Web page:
These are the words and thoughts that keep circling my brain and disrupting my sleep, but sadly, they are true. Even our own hapless Government recommends we store 1 gallon of water per person per day for 3 days which equals just 12 gallons for a family of four. While this is certainly better than nothing, this leaves very little water for needs other than drinking. What about cleaning, washing up and/or sanitation? If your faucet suddenly no longer provides water how will you cook, clean, or flush the toilet? Will you have to sacrifice drinking water in order to wash your face?
If you believe the rule of 3’s which states that you can survive 3 minutes without air, 3 hours without shelter, 3 days without water and 3 weeks without food then it’s very likely you need a lot more water than the 3 gallons the government recommends. If you are like most preparedness minded people, your preps likely lean heavily on survival gear and food storage with little or no thought about water storage. May not, maybe you have rain barrels, hundreds of gallons of treated water, access to fresh water and a variety of options for purification, if so, read no further. However, if you are like me, you are looking around thinking you need to take action now. I have taken some steps in this area as we have over 350 2-liters filled with water for cleaning and sanitation, 8 2-liters of water in the bottom of the chest freezer, over 20 cases of bottled water and access to 2 creeks, but this doesn’t fully address mid to long term needs.
I’ve written recently how we (I) had let some of our supplies fall below acceptable levels and were working to get back on track, well, our short term and midterm food storage now exceeds previous levels and we are working on more long term storage. Now, when you think of long term storage you probably think of beans, rice and pasta sealed in Mylar as well as those big buckets of dehydrated meals. Well guess what, it all requires water to prepare. Will all those dry beans actually be of any value without water? What good is all that Mountain House chili mac you stashed in the basement without water to prepare it? You don’t have enough water and neither do I.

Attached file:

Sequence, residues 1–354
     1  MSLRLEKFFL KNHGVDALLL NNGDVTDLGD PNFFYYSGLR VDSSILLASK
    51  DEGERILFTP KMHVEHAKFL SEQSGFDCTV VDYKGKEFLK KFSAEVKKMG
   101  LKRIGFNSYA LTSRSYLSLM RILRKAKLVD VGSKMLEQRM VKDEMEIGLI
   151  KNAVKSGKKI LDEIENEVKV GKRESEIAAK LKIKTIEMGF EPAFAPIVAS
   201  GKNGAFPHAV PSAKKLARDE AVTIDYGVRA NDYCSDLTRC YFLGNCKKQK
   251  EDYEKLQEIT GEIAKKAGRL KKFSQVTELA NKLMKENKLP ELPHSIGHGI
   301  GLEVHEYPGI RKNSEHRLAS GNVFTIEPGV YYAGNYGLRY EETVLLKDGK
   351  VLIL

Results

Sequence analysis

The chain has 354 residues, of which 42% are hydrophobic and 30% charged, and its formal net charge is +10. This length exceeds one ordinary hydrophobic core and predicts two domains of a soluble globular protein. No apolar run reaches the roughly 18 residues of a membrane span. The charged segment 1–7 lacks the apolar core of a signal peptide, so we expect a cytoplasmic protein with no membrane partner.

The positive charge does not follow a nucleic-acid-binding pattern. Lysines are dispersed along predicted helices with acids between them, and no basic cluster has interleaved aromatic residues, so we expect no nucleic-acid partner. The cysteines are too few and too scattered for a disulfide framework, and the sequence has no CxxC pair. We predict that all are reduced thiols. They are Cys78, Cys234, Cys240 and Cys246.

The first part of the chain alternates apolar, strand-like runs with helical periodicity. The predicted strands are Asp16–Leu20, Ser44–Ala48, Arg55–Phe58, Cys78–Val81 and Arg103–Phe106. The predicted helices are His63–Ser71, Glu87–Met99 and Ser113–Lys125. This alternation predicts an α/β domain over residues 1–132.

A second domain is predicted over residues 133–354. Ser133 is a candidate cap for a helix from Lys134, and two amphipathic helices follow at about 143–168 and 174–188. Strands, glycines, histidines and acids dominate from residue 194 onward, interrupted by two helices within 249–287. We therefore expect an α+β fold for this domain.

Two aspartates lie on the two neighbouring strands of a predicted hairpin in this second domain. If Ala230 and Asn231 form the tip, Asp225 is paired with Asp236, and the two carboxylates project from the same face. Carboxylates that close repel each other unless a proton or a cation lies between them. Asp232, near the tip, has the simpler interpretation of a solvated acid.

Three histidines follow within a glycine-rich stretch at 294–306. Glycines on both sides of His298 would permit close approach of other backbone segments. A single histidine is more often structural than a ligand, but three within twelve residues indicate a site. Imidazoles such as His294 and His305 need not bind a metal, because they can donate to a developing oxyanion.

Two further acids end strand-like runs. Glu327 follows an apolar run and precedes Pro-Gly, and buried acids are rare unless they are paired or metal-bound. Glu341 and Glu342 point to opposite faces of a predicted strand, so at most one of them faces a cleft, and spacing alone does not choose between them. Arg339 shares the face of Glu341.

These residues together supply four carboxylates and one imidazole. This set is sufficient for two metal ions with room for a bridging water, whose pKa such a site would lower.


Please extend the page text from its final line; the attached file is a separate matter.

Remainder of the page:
So where to start? Researching the subject provides a lot of options, the following are simply a few of the options were are considering or currently experimenting with.
A well with a hand pump or solar powered pump would be ideal for most people, but living in the mountains as we do, drilling such a well is cost prohibitive at this time. We would love to add this to our options, but it will probably be years before this actually happens.
Rain barrels are a great source of water depending on the climate in your area, but if you plan on drinking it you should have some way to filter or purify it as it can pick up a lot of impurities coming off your roof or through your gutters. Rain barrels can also help you keep your garden spots watered in between rains.
Lakes, ponds and streams can be an excellent long term solution, again if you have a way to filter or purify it. Those little personal water filters like LifeStraw or Sawyer are great for your EDC or bugout bag, but far from ideal for regular use. To make this a reasonable option you’ll need a couple of larger gravity filters. As mentioned before, we have 2 creeks on our property so part of our plan is to utilize these as a long term solution. Some of you may prefer to simply store water purification tablets, and we may store some as yet another backup, but I think the filters are probably the better option.
Storage barrels and stackable cubes or containers, though not cheap, will soon be added to the mix. The barrels I’ve looked at give you 55 gallons of storage, but they need to be stored in a cool dark place such as a basement and are basically impossible to move once you’ve filled them. You also have to find a way to fill them where they will be stored which may cause issues for some of you. The cubes are more expensive, but much easier to fill and use while taking up minimal space. With either option you will need to treat the water which then should be good for about 5 years.
As usual with us, we plan on taking an all of the above approach. We will start with a couple of filters followed by storage cubes and ultimately a couple of storage barrels. The rain barrels will come about eventually, but most certainly not till spring. The embedded links are the ones we have decided to purchase, if you have any experience, good or bad, with these items or similar products we would love to hear from you. I plan on reviewing each of them eventually; good, bad or otherwise.
Hope for the best, prepare for the worst.